Given that the oxidants have distinct δ18O and Δ17O signatures, the SO2 oxidation pathways are commonly constrained using oxygen multi-isotope ratios (δ18O, δ17O, and Δ17O, defined in the following section) (Alexander et al., 2012; Bindeman et al., 2007; Jenkins and Bao, 2006; Lee and Thiemens, 2001; Savarino et al., 2000; Martin, 2018). Sulfur isotope fractionation during SO2 oxidation by OH, O2 TMI, H2O2, O3 (Harris et al., 2012a, b, 2013a, b), and NO2 (Au Yang et al., 2018) have been determined, so additional constraints can also be brought by S multi-isotope compositions (δ34S, δ33S, δ36S, Δ33S, and Δ36S). At present, however, it is difficult to reach a consistent budget for tropospheric SO2 oxidation (chemically and isotopically). Indeed, most of rural and urban sulfate aerosols have positive Δ33S values (Au Yang et al., 2019; Guo et al., 2010; Han et al., 2017; Lin et al., 2018b; Romero and Thiemens, 2003; Shaheen et al., 2014), implying either a source of SO2 with Δ33S > 0 ‰ (which has not been identified yet as all known sources have Δ33S ∼0 ‰; Lin et al., 2018b) or more likely processes such as SO2 photolysis in the stratosphere (e.g., Farquhar et al., 2001), contributing to the 33S-enriched tropospheric sulfate reservoir from initial SO2 with Δ33S =0 ‰, which should be balanced by a 33S-depleted reservoir but which remains scarce (see Shaheen et al., 2014; Han et al., 2017; Lin et al., 2018a). Negative Δ33S values were suggested to result specifically from combustion (Lee et al., 2002) and/or OCS (carbonyl sulfide) photolysis (Lin et al., 2011). Still, the mass balance among positive and negative Δ33S values is not consistent. As none of the most significant tropospheric SO2 oxidation reactions can account for Δ33S anomalies in sulfate aerosols (Au Yang et al., 2018; Guo et al., 2010; Han et al., 2017; Harris et al., 2013b; Lee et al., 2002; Lin et al., 2018a, b; Romero and Thiemens, 2003; Shaheen et al., 2014), this leads to the suggestion that either some reactions or SO2 sources have been overlooked. Finally, a recent study highlights the possibility of SO2 oxidation on mineral dust surfaces resulting in 33S-depleted sulfate deposition in rural environments and subsequent 33S enrichment of residual SO2 transported to cities (Au Yang et al., 2019), but the negative Δ33S values are still missing.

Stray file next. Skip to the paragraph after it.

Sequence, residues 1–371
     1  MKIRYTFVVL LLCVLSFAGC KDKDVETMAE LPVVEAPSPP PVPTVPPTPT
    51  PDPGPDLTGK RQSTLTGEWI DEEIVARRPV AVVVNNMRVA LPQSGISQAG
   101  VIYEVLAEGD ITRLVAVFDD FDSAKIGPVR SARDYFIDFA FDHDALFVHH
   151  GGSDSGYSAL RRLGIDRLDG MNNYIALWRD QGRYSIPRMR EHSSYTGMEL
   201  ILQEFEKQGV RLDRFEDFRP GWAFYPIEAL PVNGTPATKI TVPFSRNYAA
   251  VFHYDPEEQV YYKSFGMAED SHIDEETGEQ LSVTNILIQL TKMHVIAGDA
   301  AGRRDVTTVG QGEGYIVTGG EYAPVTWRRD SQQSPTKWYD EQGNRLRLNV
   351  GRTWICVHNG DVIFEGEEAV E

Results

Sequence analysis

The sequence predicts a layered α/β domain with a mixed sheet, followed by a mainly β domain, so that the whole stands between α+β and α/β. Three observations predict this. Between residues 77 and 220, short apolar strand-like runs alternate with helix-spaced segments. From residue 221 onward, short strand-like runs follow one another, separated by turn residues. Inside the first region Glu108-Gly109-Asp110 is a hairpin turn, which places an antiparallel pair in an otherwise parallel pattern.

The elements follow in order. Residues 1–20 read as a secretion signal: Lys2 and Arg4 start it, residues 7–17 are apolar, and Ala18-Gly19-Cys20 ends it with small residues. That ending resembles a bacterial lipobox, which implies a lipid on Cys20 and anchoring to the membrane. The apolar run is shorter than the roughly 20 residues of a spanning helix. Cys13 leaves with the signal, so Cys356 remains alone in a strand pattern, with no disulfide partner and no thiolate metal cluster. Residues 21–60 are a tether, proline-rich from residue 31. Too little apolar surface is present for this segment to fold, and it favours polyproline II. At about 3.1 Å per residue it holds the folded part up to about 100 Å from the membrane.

In this respect, black crusts potentially represent new ways to sample the atmosphere in urban regions at a relatively global scale. They are generally formed by the sulfation of the underlying carbonate substrate resulting in a gypsum layer (Camuffo, 1995) (Fig. 1). Due to their degradation effects on monuments and buildings, in particular because the molar volume of CaSO4 is larger than that of CaCO3, several studies investigated sources of sulfur in black crusts, using primarily the isotopic composition of sulfur (δ34S) and oxygen (δ18O) and microscopic and mineralogical aspects. Anthropogenic sulfur was found to be the major source contributing to monument degradation in several localities compared to marine or volcanic sulfate sources (Longinelli and Bartelloni, 1978; Montana et al., 2008, 2012; Torfs et al., 1997). Sulfates from the host rock, i.e., plaster, mortar, or oxidized pyrite (defined as intrinsic in the literature; Klemm and Siedel, 2002; Kloppmann et al., 2011; Kramar et al., 2011; Vallet et al., 2006), and sulfates from aquifer rising by capillarity (Kloppmann et al., 2014) were also identified as sulfur sources in black crusts. Black crusts being sometimes the host of microbial activity (Gaylarde et al., 2007; Sáiz-Jiménez, 1995; Scheerer et al., 2009; Schiavon, 2002; Tiano, 2002), other studies investigated the role of bacteria in gypsum formation through sulfate reduction and/or SO2 oxidation (Tiano, 2002; Tiano et al., 1975). Except the work of Šrámek (1980) measuring black crust sulfates δ34S that rule out the implication of micro-organisms in their formation, no further constraint has been brought so far. In this paper, we present new oxygen and sulfur isotopic composition measurements of sulfate extracted from black crusts and report significant Δ17O, Δ33S, and Δ36S anomalies that help to discuss oxygen and sulfur isotopic variations both in term of source effects to elucidate their origin and in terms of fractionation processes leading to black crust formation in the Paris area.